What Is Heat Illness? How to Prevent, Identify, and Treat It

Recognize, treat, and prevent signs of heat illness

Recognize, treat, and prevent signs of heat illness

What is Heat Illness or Heat Casualty

The military calls people who suffer from heat illness “heat casualties.”  As a military heat casualty, I know firsthand the seriousness heat illness poses to everyone. With summertime just around the corner (along with those fun summertime activities), it’s vital that you also understand  the following:

  • What is heat illness?
  • How serious is heat illness?
  • How can you prevent heat illness?
  • What are the treatment measures for heat illness?

Aside from knowing these essential summer safety tips, you should know there are numerous different kinds of heat illness.

Heat Exhaustion

Heat exhaustion is a type of heat illness that is caused by exposure to high temperatures. The likelihood of heat exhaustion increases with the amount of humidity and strenuous activity. So whether you’re working outside, hiking, or doing some other activity in the heat, you must recognize the potential for heat-related problems. Recognizing the symptoms of what is heat illness can help you to understand which heat injury you’re dealing with.

Symptoms of Heat Exhaustion May Include:

  • Heavy sweating
  • Cool, moist skin
  • Fatigue
  • Dizziness
  • Faintness
  • Rapid pulse
  • Muscle cramps
  • Nausea
  • Headache

Should you suspect that you or another may be suffering from heat exhaustion, you should immediately stop all strenuous activity. Move the person to a cooler spot. Cool the victim off with fanning, pouring water over the casualty, etc. Follow that up with drinking cool water and seeking professional medical attention.

Heat Stroke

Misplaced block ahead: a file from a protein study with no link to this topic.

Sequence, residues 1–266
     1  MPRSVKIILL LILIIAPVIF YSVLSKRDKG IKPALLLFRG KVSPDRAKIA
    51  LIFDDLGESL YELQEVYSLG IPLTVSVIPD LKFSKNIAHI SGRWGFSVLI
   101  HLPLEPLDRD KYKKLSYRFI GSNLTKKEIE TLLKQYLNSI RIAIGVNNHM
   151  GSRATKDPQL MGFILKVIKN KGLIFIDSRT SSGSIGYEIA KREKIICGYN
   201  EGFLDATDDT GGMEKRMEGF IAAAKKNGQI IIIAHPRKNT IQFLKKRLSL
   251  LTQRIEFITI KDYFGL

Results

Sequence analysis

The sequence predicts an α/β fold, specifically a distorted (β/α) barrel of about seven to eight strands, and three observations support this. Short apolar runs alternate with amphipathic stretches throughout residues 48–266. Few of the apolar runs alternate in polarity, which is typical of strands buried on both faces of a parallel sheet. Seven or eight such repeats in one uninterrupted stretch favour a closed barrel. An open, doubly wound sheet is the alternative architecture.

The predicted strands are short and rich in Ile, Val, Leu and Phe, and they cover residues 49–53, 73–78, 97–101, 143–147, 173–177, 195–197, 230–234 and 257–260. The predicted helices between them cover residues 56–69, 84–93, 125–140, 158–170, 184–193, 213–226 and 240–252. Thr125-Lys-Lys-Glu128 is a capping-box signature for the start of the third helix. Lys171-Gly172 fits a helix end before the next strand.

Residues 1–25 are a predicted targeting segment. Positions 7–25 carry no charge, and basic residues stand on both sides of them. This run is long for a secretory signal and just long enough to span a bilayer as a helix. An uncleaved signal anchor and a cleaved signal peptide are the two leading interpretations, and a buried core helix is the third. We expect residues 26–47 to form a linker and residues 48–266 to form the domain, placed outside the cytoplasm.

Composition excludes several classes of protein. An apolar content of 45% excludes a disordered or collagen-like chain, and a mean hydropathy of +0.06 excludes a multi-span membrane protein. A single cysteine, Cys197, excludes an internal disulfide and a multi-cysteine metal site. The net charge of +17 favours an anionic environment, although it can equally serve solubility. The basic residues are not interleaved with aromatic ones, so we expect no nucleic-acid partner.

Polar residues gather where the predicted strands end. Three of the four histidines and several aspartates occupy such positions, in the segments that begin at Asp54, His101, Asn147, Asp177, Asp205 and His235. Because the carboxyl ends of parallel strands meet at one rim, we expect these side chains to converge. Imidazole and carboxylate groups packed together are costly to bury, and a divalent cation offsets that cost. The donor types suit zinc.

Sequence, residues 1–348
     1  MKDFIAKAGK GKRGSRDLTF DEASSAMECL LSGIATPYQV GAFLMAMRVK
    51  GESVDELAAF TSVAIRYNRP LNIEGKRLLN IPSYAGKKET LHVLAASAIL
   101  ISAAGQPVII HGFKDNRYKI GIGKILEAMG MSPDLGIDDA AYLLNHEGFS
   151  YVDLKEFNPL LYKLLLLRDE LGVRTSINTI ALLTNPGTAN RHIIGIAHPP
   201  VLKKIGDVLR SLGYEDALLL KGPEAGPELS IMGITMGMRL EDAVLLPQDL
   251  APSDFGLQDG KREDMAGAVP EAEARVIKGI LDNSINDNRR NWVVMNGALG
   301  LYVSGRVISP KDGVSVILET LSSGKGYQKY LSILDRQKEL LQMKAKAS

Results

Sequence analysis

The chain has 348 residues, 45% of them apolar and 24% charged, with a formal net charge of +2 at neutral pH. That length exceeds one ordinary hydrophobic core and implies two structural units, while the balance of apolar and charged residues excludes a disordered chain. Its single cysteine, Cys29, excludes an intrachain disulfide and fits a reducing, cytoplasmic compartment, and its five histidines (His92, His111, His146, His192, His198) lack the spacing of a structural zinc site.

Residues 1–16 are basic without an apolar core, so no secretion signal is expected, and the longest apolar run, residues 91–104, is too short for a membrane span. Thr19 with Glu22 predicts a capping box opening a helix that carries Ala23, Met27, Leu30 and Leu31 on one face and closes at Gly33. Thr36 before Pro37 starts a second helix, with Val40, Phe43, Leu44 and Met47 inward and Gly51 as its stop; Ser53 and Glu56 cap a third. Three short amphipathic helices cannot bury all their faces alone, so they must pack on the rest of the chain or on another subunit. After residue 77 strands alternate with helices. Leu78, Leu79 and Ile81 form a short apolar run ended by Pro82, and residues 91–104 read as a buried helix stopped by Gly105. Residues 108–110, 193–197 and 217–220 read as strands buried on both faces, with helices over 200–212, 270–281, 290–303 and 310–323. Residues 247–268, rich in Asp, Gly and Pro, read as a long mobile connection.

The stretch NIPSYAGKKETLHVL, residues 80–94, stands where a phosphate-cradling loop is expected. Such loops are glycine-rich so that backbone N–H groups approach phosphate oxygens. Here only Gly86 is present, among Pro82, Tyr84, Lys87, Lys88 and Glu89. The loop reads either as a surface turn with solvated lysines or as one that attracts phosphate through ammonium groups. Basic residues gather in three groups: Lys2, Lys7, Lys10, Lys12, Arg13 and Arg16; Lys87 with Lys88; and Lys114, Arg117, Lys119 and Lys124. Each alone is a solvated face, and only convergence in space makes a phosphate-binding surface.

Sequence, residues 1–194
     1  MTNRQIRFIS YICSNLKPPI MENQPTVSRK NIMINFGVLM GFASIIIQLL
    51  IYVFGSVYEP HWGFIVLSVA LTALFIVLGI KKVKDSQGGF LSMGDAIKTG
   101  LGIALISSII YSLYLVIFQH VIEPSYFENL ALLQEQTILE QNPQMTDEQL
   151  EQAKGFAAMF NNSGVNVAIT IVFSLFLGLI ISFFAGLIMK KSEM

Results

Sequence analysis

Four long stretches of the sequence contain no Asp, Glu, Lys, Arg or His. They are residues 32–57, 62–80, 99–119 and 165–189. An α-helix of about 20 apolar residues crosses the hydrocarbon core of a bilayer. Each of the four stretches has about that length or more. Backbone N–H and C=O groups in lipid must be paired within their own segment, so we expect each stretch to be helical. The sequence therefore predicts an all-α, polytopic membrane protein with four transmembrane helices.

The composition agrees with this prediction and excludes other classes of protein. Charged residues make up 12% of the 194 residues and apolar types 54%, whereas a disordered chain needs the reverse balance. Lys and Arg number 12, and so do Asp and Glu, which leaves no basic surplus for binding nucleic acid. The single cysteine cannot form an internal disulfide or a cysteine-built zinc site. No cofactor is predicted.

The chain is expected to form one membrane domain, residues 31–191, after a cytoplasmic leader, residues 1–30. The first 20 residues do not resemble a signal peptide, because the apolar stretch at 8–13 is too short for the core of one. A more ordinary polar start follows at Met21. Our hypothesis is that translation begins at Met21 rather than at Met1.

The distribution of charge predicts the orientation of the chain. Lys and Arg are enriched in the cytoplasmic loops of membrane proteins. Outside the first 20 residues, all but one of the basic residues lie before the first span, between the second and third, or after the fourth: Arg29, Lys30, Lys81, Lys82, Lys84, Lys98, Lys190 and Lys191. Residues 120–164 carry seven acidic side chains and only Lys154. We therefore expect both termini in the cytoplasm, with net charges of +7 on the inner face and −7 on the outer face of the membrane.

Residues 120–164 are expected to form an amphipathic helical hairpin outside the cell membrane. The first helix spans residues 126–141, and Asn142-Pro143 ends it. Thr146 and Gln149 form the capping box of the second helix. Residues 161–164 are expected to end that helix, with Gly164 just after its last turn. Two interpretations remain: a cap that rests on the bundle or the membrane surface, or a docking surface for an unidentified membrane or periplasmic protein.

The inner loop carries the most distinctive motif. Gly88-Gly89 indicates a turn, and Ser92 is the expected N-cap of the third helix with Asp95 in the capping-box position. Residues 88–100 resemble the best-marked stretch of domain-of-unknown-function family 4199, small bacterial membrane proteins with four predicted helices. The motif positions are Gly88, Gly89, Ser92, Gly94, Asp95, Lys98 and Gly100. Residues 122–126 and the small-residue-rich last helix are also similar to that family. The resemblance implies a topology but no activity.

Heat stroke is a medical emergency in which a person’s body temperature becomes drastically elevated. If not identified and treated quickly, heat stroke can be fatal. Heat stroke often follows untreated heat exhaustion, so the sooner you recognize that someone is potentially suffering from heat illness, the better outcome you are likely to have.

As with heat exhaustion, the likelihood of heat stroke increases with ambient air temperature, humidity, and physical exertion.

Symptoms of Heat Stroke May Include:

  • Dry skin
  • Absence of sweating
  • Confusion
  • Disorientation
  • Agitation
  • Coma

The immediate first aid for a victim of heat stroke is to call 911 immediately. 

Heat stroke is a severe emergency. Next, cooling the person by stopping strenuous activity, moving to a cooler location, and instituting cooling measures are most important.

When giving water to drink, it is critical to do so slowly while ensuring the person is conscious and able to swallow appropriately. Forcing liquids into a person with an altered mental status can be a choking hazard. It can cause severe problems and should be avoided.

Stay Hydrated to Help Prevent Heat Illness

Staying hydrated is one of the best ways to help avoid becoming a victim of heat-related illness. Does staying hydrated guarantee a person won’t become a heat casualty? No, it doesn’t, but it sure helps. So, if you aren’t already a regular water drinker, you should begin working towards becoming one.